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L. Dionysiac initiate under sacred phallus of renewal. R. Empress as Demeter.

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L. Dionysiac initiate under sacred phallus of renewal. R. Empress as Demeter.
3rd c Roman Gallo-Roman Sculpture

GALLO-ROMAN Anonymous (active 1st c BCE - 4th c CE) Primary
220-224
3rd c
Gallo-Roman
Sarcophagus
France France.
Lyon. Musée de la Civilization Gallo-Roman.
Religion23.god01c58
Among the most important manifestations of the new religious longings were the so-called MYSTERY CULTS which involved the initiates in mysterious rites and promised them some sort of eternal life as the result. Among them were what are known as the Eleusinian Mysteries, an older Greek cult which involved the earth goddess Demeter and her daughter Persephone. The rites of the Isis and her partner Serapis came from Egypt, while those of the great mother Cybele and her lover/son Attis came from Asia Minor. From Persia came the cult of the sun god Mithras, which was especially popular with soldiers, and from Syria and Palestine came the worship of Baal, the ancient practice of Judaism and one of its sects, Christianity. All shared the need to give some meaning to human existence, a meaning that the traditional religion of Rome could no provide. Of the beliefs that flowed into Rome, only Judaism and Christianity have survived, but as we will see, many of them contributed ideas to the Christian beliefs that were being defined during this period. The mysteries of Demeter and Persephone were celebrated each year at Eleusis in Greece by secret ceremonies in which the initiates joined Demeter in her mourning for her lost daughter and in her rejoicing at her return. The hope of rebirth was extended to the initiates of the cult. The ancient mysteries of Demeter, identified with the Roman goddess Ceres, became very popular in Rome, and the figure of the Empress as a priestess of Ceres on the right comes in the Emperor's Villa itself. Here the Empress is shown as Demeter/Ceres holding the pods of the sacred poppy plant. In other representations she holds the wheat, the dead seed that is reborn. Roman women throughout the empire were particular devotees of the mystery cult of Demeter/Ceres. In the relief on the left, which comes from the Roman colony in Lyon France, the human initiate in this divine drama of death and rebirth, is involved in a procession in which the sacred phallus of renewal is revealed. The phallus is thought to represent the Dionysus (Roman name Bacchus), the god of wine and fertility whose mysteries became associated with those of Demeter and Persephone.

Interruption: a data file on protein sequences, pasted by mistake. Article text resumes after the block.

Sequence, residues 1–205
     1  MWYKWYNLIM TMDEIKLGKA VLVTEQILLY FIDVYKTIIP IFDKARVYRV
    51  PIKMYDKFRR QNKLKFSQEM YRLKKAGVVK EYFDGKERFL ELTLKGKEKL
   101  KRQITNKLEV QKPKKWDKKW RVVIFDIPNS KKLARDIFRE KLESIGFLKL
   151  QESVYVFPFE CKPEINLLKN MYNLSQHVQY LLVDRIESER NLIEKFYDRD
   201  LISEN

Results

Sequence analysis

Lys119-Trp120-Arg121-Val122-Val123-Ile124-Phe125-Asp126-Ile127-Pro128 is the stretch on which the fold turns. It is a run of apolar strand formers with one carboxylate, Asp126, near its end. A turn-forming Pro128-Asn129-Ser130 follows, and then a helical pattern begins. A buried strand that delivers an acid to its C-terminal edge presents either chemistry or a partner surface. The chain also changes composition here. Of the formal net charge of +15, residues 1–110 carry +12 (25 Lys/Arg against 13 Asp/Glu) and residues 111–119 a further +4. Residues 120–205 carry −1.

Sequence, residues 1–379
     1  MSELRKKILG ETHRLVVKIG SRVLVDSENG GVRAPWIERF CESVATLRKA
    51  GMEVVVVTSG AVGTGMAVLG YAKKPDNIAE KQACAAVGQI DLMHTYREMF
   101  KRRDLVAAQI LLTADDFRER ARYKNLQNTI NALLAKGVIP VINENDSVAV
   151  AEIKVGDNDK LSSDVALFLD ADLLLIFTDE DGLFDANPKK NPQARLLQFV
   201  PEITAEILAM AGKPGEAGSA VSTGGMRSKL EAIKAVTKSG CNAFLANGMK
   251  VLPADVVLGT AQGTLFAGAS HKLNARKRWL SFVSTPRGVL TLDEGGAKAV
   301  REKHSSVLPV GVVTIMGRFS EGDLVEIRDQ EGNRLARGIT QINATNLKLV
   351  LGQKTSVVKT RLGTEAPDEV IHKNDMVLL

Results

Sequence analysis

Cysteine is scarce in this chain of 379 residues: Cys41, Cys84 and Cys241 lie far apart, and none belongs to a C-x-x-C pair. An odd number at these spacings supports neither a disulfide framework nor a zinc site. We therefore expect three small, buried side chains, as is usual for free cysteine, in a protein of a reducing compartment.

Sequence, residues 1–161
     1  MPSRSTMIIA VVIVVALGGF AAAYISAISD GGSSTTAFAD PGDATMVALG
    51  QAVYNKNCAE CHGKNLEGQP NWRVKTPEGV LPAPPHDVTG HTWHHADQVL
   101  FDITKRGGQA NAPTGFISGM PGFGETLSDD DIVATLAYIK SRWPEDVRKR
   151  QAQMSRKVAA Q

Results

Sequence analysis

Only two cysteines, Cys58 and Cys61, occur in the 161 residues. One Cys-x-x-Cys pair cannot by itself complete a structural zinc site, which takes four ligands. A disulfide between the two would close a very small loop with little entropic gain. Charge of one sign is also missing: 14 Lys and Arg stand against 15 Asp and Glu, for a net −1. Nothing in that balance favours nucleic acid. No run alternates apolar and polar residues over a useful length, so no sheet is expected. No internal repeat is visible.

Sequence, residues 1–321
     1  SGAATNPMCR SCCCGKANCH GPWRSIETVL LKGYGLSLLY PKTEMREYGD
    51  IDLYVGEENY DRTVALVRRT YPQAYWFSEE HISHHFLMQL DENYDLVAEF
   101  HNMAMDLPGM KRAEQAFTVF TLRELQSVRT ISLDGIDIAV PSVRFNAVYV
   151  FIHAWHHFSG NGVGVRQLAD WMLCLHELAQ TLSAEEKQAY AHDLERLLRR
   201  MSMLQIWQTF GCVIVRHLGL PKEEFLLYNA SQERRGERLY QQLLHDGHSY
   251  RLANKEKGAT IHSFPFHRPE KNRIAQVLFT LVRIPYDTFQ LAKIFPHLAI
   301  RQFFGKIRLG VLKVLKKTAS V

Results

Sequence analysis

Caption: GALLO-ROMAN | L. Dionysiac initiate under sacred phallus of renewal. R. Empress as Demeter.| 220-224 | Roman | Gallo-Roman

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